Tonic and Burst Spiking Open Distinct Calcium Channels
Adam C. Errington, John J. Renger, Victor N. Uebele, and Vincenzo Crunelli
(see pages 14843–14853)
Thalamocortical (TC) neurons exhibit distinct spike modes during sleep and wakefulness. In the latter state, TC neuron membrane potential (Vm) is relatively depolarized, and continual sensory and cortical inputs drive tonic spiking. During sleep, Vm hyperpolarizes and the neurons fire in bursts, generating low-frequency oscillations that impede relay of sensory information through the thalamus. Bursting relies on T-type calcium channels, which are inactivated during wakefulness and deinactivate when neurons hyperpolarize. Small depolarizing steps then evoke sufficient T current to drive Vm above threshold, producing so-called low-threshold spikes. Errington et al. report that T-type channels are located throughout the dendritic arbor of rat TC neurons, so low-threshold spikes led to near-synchronous all-or-none calcium influx throughout the tree, regardless of whether stimulation was delivered to the soma or distal dendrites. In contrast, tonic spiking caused calcium influx only in proximal dendrites. This calcium influx, produced by backpropagating spikes, did not involve activation of T-type channels.
Loss of Protein Function Might Underlie Cognitive Decline
Robert Tamayev, Luca Giliberto, Wei Li, Cristina d'Abramo, Ottavio Arancio, et al.
(see pages 14915–14924)
Many neurodegenerative diseases, like Alzheimer's, are characterized by aggregation, fibrillization, and deposition of normally soluble proteins. Such amyloidosis often results from abnormal processing of a precursor protein, and the aggregates are widely believed to initiate cognitive decline and degeneration associated with the diseases. But in mice expressing human mutated forms of these proteins, cognitive deficits and amyloid deposition are not always correlated: some mutations cause amyloidosis without cognitive effects, and others produce cognitive deficits without amyloidosis. Tamayev et al. conclude that cognitive decline sometimes results from loss of normal protein function rather than abnormal aggregation. They introduced a mutation linked to familial British dementia into the homologous mouse gene Bri2. Unlike human patients, knock-in mice showed no abnormal amyloidosis, neurodegeneration, or tau pathology. Nonetheless, like humans, knock-in mice had reduced levels of BRI2 protein and exhibited impaired hippocampal-dependent memory. Similar deficits occurred in Bri2 heterozygous-null mice, supporting the hypothesis that cognitive decline was caused by loss of normal function.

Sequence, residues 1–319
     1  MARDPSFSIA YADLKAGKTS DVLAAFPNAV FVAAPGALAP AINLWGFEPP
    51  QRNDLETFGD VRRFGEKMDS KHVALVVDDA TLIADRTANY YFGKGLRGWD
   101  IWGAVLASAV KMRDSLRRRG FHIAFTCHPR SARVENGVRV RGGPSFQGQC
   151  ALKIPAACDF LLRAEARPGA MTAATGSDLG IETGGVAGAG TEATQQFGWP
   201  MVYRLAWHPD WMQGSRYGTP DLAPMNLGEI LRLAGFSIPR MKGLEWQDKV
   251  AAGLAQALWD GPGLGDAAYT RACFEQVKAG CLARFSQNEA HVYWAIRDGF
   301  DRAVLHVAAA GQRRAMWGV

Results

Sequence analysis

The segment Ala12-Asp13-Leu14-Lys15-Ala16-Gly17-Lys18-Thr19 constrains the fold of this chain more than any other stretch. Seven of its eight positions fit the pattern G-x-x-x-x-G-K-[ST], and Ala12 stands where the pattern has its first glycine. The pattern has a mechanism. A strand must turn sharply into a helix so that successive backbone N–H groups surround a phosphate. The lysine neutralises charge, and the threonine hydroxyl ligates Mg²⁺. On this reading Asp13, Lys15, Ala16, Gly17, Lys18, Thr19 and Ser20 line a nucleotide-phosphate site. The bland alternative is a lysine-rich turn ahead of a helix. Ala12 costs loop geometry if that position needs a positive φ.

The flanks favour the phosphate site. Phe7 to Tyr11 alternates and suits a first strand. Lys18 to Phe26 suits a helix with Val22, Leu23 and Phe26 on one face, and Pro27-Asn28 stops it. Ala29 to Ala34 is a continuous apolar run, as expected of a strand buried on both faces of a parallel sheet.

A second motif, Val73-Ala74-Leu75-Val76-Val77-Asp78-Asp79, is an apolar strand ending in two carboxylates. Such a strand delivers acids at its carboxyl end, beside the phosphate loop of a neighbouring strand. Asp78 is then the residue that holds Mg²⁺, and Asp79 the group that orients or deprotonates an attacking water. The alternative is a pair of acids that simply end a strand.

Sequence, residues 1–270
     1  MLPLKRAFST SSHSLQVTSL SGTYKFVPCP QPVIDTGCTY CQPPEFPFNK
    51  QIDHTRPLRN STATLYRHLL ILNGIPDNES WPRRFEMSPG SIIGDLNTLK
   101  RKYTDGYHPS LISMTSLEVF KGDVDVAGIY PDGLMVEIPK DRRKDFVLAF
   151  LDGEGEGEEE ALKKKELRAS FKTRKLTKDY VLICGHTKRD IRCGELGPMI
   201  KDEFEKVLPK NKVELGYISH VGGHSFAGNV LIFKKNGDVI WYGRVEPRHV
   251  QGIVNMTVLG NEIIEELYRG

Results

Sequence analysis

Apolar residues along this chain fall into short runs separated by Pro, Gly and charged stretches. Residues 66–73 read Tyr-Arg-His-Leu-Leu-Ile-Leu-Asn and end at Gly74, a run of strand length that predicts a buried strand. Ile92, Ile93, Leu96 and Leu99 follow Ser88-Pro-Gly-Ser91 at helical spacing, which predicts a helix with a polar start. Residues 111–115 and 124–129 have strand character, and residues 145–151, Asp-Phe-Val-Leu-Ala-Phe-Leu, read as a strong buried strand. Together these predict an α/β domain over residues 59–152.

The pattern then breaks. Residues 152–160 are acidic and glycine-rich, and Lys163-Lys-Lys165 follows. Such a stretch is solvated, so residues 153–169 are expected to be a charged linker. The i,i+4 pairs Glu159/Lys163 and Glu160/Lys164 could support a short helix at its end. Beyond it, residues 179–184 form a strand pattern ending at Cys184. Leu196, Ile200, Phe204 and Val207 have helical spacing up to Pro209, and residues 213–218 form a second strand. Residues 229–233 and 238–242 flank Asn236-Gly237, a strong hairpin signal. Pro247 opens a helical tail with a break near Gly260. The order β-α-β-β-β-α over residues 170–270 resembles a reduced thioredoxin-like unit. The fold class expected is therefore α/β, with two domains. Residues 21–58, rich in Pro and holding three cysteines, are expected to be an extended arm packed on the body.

Fast and Slow Adaptation Involve Different Processes
Aysha Keisler and Reza Shadmehr
(see pages 14817–14823)
Motor adaptation has a fast component, in which performance improves rapidly but deteriorates shortly after training, and a slow component, in which improvement and decay take longer. Noting that fast adaptation is strongest when errors are consciously perceived, Keisler and Shadmehr hypothesized that it is akin to declarative learning. If so, performing another declarative task immediately after training should interfere selectively with fast adaptation. To test this, they had subjects move a robotic arm. The robot induced slow adaptation by imposing a unidirectional force over many trials, then induced fast adaptation by imposing force in the opposite direction. During testing, fast adaptation initially masked the effect of slow adaptation, but as fast adaptation decayed, the effect of slow adaptation emerged. If subjects performed a declarative memory task between training and test periods, however, the effect of fast adaptation was eliminated, suggesting that fast and slow adaptation involve different processes, and the former shares resources with declarative memory.
Neurobiology of Disease
Blocking NGF Reduces Cancer-Induced Sprouting and Pain
Juan M. Jimenez-Andrade, Aaron P. Bloom, James I. Stake, William G. Mantyh, Reid N. Taylor, et al.
(see pages 14649–14656)
Cancer pain usually increases over time, often becoming resistant to analgesic treatment. In most people who die from prostate cancer, tumors have metastasized to bone, leading to ongoing, analgesic-resistant pain. To investigate the causes of this pain, Jimenez-Andrade et al. injected canine prostate tumor cells into mouse femurs. The cells produced tumors like those in humans: small colonies of tumor cells formed throughout the bone, surrounded by new bone, macrophages, stromal cells, and blood vessels. Furthermore, mice showed evidence of ongoing pain, frequently holding the injected leg aloft while stationary. Pain likely resulted from the sprouting of sensory neurons, which was detected within bone marrow. Many sprouted nerve fibers expressed a nerve growth factor (NGF) receptor, and sustained treatment with anti-NGF antibodies starting 10 days after injection of tumor cells reduced both sprouting and the frequency of hindpaw elevation. Such treatment might also slow the progression of pain in humans.